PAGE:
Great Plains Zen Center
Important Things to Know About GPZC

Important Things to Know About GPZC

Important Things to Know About GPZC

GPZC is committed to Diversity, Equity, and Inclusion in every aspect of our organization. Our Racial Justice Circle, one of our many stewardship circles, is committed to working actively to dismantle racism within ourselves and in our wider community through education and advocacy.

Who We Are

Great Plains Zen Center’s resident teacher is Rev. Susan Myoyu Andersen, Roshi. Our other teacher is Myoyu Roshi’s Dharma Successor, Gendo Roshi, the resident teacher at Great Wave Zen Sangha in Ludington, Michigan. GPZC has a Circle of Instructors who lead introductory classes and workshops, stewardship circles who manage various aspects of GPZC, and a Board of Directors and Officers who oversee GPZC as a not-for-profit corporation. Members of our community participate as students of Myoyu Roshi, as Engaged Friends, and as Supporters and Benefactors. Our Founding Ancestor Teacher was Rev. Taizan Maezumi Roshi, the teacher of Myoyu Roshi. Visit our About Us page to learn more.

The GPZC Conflict Resolution and Grievance Policy

Avalokitesvara Bodhisattva on kitchen altar

Many Buddhist and other faith communities have experienced upheavals over the years as a result of not having clear guidelines or expectations for members and teachers regarding power dynamics and professional boundaries in a spiritual community. Such upheavals have resulted in great harm and, sometimes, dissolution of the community. We recognize that practice can be difficult, differences can trigger strong reactions, the intimacy of shared spiritual exploration can elicit powerful emotions and attractions, and disagreement and conflict can arise. Power has the tendency to corrupt, and individuals and institutions often move to protect and defend themselves in times of crisis rather than attending to the needs of the person or people who were harmed. Having clear written guidelines, procedures, and training about these issues can go a long way toward preventing power abuse from occurring in the first place.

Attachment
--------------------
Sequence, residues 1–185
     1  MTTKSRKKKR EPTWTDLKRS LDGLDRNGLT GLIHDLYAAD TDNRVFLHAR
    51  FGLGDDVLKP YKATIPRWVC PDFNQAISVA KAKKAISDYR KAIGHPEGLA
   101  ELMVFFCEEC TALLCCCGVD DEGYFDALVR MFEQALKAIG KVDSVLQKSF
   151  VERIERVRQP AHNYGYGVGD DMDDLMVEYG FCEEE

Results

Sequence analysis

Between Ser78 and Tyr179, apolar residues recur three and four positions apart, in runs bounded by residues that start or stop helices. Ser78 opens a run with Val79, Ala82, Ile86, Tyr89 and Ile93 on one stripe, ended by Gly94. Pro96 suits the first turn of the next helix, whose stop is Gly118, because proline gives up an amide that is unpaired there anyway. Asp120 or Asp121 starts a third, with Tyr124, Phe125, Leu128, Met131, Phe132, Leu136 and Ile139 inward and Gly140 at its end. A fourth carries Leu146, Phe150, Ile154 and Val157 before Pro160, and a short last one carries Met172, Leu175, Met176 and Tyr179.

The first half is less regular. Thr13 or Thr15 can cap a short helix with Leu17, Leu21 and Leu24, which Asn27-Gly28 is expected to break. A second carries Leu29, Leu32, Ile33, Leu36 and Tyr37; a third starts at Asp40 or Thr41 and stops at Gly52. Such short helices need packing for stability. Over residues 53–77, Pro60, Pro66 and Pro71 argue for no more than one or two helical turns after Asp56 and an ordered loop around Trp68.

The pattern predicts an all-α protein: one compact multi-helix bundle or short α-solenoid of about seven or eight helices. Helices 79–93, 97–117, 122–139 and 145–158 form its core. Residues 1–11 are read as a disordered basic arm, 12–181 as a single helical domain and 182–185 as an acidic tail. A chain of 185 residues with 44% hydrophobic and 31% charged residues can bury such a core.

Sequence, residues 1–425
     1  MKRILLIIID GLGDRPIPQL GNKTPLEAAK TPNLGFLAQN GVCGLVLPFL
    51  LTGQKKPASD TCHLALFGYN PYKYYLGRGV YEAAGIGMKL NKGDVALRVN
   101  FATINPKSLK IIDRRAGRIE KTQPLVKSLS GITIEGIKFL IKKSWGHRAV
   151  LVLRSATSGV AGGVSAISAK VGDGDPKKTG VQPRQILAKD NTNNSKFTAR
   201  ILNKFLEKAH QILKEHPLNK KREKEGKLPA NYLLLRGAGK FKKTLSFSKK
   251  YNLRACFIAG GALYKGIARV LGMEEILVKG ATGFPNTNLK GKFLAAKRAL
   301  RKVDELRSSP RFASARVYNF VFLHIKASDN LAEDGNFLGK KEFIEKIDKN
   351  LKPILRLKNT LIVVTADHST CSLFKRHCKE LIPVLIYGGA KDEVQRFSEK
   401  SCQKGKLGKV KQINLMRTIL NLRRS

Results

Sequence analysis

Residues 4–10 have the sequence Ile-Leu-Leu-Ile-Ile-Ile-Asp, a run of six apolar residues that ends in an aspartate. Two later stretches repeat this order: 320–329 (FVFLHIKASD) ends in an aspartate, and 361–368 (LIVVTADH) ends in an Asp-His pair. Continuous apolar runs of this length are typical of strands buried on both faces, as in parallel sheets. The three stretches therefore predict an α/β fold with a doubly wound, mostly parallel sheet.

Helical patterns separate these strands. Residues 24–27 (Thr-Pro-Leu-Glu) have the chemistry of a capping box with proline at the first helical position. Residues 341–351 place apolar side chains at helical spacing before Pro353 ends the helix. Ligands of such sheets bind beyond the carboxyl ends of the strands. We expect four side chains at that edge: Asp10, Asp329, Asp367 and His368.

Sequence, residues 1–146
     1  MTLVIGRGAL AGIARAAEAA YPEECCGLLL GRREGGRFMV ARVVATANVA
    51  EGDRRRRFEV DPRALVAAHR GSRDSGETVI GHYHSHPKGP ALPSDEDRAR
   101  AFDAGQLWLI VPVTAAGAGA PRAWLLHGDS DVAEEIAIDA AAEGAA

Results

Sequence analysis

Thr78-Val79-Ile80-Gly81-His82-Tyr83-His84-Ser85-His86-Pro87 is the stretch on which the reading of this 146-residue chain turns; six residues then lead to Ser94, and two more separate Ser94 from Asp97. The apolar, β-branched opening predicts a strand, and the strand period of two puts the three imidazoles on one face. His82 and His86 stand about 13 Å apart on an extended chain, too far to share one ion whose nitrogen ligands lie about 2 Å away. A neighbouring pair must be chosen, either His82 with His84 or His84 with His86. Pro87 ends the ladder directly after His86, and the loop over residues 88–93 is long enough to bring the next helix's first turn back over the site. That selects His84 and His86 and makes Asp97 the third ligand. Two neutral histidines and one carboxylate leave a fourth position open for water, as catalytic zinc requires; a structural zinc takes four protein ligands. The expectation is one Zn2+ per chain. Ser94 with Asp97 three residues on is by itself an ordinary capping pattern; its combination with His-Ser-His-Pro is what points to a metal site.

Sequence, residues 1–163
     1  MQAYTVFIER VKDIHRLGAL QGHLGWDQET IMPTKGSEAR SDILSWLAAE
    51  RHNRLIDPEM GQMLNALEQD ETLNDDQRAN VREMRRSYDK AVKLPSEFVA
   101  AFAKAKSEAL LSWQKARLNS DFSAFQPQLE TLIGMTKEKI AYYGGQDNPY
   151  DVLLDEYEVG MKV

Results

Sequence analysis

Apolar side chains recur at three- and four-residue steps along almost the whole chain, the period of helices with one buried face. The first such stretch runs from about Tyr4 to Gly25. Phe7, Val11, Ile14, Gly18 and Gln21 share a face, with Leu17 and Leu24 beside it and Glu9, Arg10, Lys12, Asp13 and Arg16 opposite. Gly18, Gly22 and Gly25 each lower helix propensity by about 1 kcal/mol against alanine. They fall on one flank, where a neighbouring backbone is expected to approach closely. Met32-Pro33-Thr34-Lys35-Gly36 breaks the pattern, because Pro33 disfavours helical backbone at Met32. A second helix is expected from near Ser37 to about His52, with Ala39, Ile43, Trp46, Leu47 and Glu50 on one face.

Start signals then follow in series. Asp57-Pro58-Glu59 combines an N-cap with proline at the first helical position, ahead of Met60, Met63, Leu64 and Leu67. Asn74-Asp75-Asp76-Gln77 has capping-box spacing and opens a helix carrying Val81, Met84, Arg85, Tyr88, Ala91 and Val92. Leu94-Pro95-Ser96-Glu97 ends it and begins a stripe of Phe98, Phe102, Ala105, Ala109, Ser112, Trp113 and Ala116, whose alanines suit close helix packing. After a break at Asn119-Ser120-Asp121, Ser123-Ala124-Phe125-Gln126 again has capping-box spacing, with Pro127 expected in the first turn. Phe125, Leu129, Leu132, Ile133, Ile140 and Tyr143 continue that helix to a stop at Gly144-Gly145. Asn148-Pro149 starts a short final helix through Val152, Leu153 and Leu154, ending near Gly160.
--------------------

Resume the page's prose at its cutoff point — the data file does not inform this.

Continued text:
To this end, GPZC has created a Conflict Resolution and Grievance Policy. The document describes both informal conflict resolution and a formal grievance procedure to be administered by the Harmony Circle, a group of trained sangha members authorized by the Great Plains Zen Center Board of Directors. The Harmony Circle is also responsible for providing ongoing training for all members (students), instructors, teachers, and board members about power dynamics, conflict resolution, and professional boundaries. Find more about the GPZC Conflict Resolution and Grievance Policy and the Harmony Circle.

Stewardship Circles

Great Plains Zen Center is administrated entirely on a volunteer basis, except for Myoyu Roshi who receives a salary. Areas of operation are overseen by a Board of Directors who meet four times per year and additionally to resolve pressing issues that arise between meetings. Most business is conducted online, as most Board Members live at a distance from each other. Additionally, areas are managed by stewardship circles, groups of volunteers who meet on a periodic or regular basis to manage aspects of Great Plains Zen Center’s operations. The stewardship circle model of operation allows many voices to be heard and to participate in the creation of programs and general decision-making.

If you would like to volunteer in a stewardship circle, please use the Contact page.  Select “Stewardship Circles” in the drop down menu and then select the circle you wish to reach in the next drop down menu.

Continue to the next topic:  Further Steps in Practice at GPZC